Press Release No: Individual Application 69/20
Press Release concerning the Judgment Finding a Violation of the Right to Marry due to the Failure to Notify the Divorce Decree to the Spouse Abroad
On 8 September 2020, the First Section of the Constitutional Court found a violation of the right to marry, safeguarded by Articles 20 and 41 of the Constitution, in the individual application lodged by S.A. (no. 2017/40199).
The applicant filed for divorce from her Tanzanian husband as they had been already separated for so long and could not maintain their conjugal life. On 21 February 2003, the incumbent civil court granted the divorce.
The civil court issued a writ to the Ministry of Justice (“the Ministry”), seeking the notification of the divorce decree to the defendant who was in his country of origin. The applicant submitted petition to the civil court several times and asked for the outcome of the notification process. In the letter of 27 March 2007, which was sent by the Ministry of Foreign Affairs to the Ministry, it was stated that the relevant document was to be re-sent for not being available in the records. Thereafter, the applicant requested re-submission of the relevant document to the Ministry of Foreign Affairs.
She also provided all information requested from her in the subsequent period to the relevant authorities. In the letter issued by the Ministry of Foreign Affairs on 15 January 2016, it was informed that although the request had been submitted several times to the relevant ministry of the respondent country, any reply had not been taken and was no longer expected due to systemic problems in the country. The applicant then lodged an individual application with the Court as the divorce decree could not be finalised.
The Applicant’s Allegations
The applicant maintained that her right to marry had been violated due to the failure by the authorities to notify the divorce decree to her husband abroad and thereby to revise her civil registries in line therewith.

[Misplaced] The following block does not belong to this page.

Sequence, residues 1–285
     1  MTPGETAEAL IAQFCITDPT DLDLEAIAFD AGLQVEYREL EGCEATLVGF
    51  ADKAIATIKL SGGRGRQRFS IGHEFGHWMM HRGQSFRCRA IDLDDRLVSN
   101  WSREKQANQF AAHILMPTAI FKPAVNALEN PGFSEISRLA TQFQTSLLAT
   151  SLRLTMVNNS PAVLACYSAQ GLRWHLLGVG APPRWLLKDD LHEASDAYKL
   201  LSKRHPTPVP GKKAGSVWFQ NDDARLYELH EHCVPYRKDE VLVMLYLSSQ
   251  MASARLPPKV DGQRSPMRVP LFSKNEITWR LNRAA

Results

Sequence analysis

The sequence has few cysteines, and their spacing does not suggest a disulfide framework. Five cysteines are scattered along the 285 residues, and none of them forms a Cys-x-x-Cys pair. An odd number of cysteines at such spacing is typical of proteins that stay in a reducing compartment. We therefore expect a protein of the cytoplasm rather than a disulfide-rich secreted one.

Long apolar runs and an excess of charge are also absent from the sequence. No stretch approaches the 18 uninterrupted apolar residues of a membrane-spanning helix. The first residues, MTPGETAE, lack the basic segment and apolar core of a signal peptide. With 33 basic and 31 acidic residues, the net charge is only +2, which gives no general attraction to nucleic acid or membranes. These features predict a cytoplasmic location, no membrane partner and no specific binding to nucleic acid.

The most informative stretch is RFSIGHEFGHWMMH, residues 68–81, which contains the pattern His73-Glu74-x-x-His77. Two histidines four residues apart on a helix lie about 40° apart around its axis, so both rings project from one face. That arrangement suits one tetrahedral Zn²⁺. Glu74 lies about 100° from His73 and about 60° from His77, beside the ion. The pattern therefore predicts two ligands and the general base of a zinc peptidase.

The Court’s Assessment
In cases where the administrative and judicial authorities fail to take the steps reasonably expected from them to conclude the divorce proceedings within a reasonable time and to eliminate the reasons posing an obstacle to the marriage of individuals, the very essence of the right to marry would be impaired, which would thereby entail the violation of the said right.
In the present case, the outcome of divorce proceedings could not be notified to the defendant for his not being in Turkey. Therefore, the applicant’s marital status could not be changed, despite 17 years having elapsed since the date of divorce decree, due to the non-completion of the finalisation process.
The applicant performed the actions requested by the civil court in a swift and complete manner and pursued the process rigorously.
The attempts by the Ministry of Foreign Affairs in the applicant’s case remained inconclusive due to the system operating in Tanzania and the deficiency in the defendant’s address. However, regard being had to the official correspondences issued within the impugned process, it has been observed that these attempts dated back not to 2004, the date when the divorce decree to be notified was submitted, but to 2007.
It has been also observed that the applicant’s requests for the application of alternative legal means, namely notice by publication -which is explicitly laid down in Law no. 7201 and the relevant Regulation- with a view to ensuring finalisation of the divorce decree issued in 2003 were not taken into consideration by the inferior courts. Besides, no assessment was made as to the petitions of 2010 and 2015, which had been submitted to the same end.
In this sense, the Court has considered that there was procrastination in the processes needed to be completed for the finalisation of the decree issued at the end of the divorce proceedings; and that the inferior courts failed to show due diligence and attention in applying the practice of notice by publication, a substantial legal means. Therefore, in the processes regarding the finalisation of the divorce decree, the due diligence obligation was disregarded to the extent that would impair the very essence of the right to marry, and the necessary steps could not be taken within a reasonable time.
Consequently, the Court has found a violation of the right to marry.
This press release prepared by the General Secretariat intends to inform the public and has no binding effect.